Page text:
Why this ancient African instrument is music to scientists' ears
Scientists have found a way to detect poison with the help of musical notes
An ancient African instrument has inspired a cheap new device that can identify poisonous liquids.
Now it is hoped the mbira sensor — based on a 3,000-year-old instrument also known as a thumb piano — can offer pharmacists in the developing world protection from counterfeit and adulterated drugs.
The World Health Organisation estimates that 10% of medicines in low- and middle-income countries are counterfeit, but instruments to identify fake drugs are expensive and require specialised knowledge to operate.
The mbira device, which can be constructed from off-the-shelf or discarded materials, can accurately measure the density of any liquid. Comparing the density of a suspicious medicine to the density of the known product can reveal whether they have the same ingredients.
The research, by the University of California’s William Grover, was inspired by the observation that sound frequencies created by a musical instrument are determined by its physical properties.
“Could we add a sample to a musical instrument, measure the resulting change in the instrument’s notes, and use this change to determine information about the sample and its properties?” Grover asked in his research paper published in the journal ACS Omega.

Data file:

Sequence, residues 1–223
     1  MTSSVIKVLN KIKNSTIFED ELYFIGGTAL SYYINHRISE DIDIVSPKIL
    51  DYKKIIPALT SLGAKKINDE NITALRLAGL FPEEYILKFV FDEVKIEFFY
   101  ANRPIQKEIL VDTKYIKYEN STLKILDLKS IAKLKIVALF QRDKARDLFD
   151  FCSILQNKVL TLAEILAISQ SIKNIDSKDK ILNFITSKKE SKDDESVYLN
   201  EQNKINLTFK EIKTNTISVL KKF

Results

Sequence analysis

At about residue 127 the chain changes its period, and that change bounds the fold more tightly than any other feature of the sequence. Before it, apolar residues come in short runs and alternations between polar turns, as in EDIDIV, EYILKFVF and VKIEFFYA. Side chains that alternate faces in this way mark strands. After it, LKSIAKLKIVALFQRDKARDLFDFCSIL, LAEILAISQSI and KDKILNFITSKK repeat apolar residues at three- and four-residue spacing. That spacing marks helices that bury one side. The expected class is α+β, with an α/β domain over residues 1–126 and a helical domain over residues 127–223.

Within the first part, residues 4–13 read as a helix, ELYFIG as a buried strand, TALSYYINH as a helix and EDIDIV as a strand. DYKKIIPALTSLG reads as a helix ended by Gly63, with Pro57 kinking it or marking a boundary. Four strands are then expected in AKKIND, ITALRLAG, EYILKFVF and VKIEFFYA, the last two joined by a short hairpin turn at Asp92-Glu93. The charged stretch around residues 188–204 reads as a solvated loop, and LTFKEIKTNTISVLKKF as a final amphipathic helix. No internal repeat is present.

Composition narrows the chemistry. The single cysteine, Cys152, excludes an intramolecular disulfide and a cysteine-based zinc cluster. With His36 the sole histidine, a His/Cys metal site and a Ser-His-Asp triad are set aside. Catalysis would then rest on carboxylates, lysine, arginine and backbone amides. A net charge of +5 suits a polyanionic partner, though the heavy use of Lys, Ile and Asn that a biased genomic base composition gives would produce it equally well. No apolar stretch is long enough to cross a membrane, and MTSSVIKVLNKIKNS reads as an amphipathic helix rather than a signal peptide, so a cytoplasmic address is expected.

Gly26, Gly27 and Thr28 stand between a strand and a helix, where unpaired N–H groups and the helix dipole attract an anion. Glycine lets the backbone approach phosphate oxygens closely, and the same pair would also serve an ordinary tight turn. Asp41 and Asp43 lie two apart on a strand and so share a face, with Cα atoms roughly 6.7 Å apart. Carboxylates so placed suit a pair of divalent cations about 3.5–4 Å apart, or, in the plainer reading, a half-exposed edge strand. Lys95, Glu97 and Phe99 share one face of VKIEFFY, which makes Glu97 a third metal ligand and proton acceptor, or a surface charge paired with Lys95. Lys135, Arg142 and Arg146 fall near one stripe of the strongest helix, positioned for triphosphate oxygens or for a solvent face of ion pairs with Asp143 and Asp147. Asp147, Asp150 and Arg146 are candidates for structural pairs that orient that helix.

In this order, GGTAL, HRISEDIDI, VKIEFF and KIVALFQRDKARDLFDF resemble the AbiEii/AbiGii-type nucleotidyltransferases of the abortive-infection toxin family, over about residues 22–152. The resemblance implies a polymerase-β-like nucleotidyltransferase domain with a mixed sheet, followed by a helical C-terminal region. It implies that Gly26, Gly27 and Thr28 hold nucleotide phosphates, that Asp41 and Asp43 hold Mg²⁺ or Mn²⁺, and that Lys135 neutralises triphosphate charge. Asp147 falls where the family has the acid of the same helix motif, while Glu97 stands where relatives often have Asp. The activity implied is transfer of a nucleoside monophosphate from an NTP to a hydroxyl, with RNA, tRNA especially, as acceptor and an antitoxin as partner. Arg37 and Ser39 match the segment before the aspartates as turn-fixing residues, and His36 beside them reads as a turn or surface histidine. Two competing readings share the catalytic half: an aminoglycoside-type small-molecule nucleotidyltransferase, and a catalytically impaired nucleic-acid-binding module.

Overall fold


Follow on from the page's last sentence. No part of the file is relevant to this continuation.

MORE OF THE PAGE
Grover and his team modified a mbira, which consists of graduated metal prongs attached to a soundboard. They replaced the prongs with a length of bent metal tubing, filled it with a liquid, then compared the frequency of the musical notes made by the filled and empty tube to measure the liquid’s density.
When filled with water, the tube played a note that was a tone lower than when it was empty.
Grover then built a new device and, after using it to measure the density of numerous liquids, they decided its first practical application should be to detect diethylene glycol, a poison sometimes used in fake cold medicines to replace glycerol.
The team recorded mbira notes using the two substances using a smartphone, uploaded them to a website they created and found their frequencies differed by 10 hertz — too little for the human ear to detect.
They then tested six different batches of a popular cold and flu medicine and found they made an identical note, suggesting any sample producing a different note must be fake.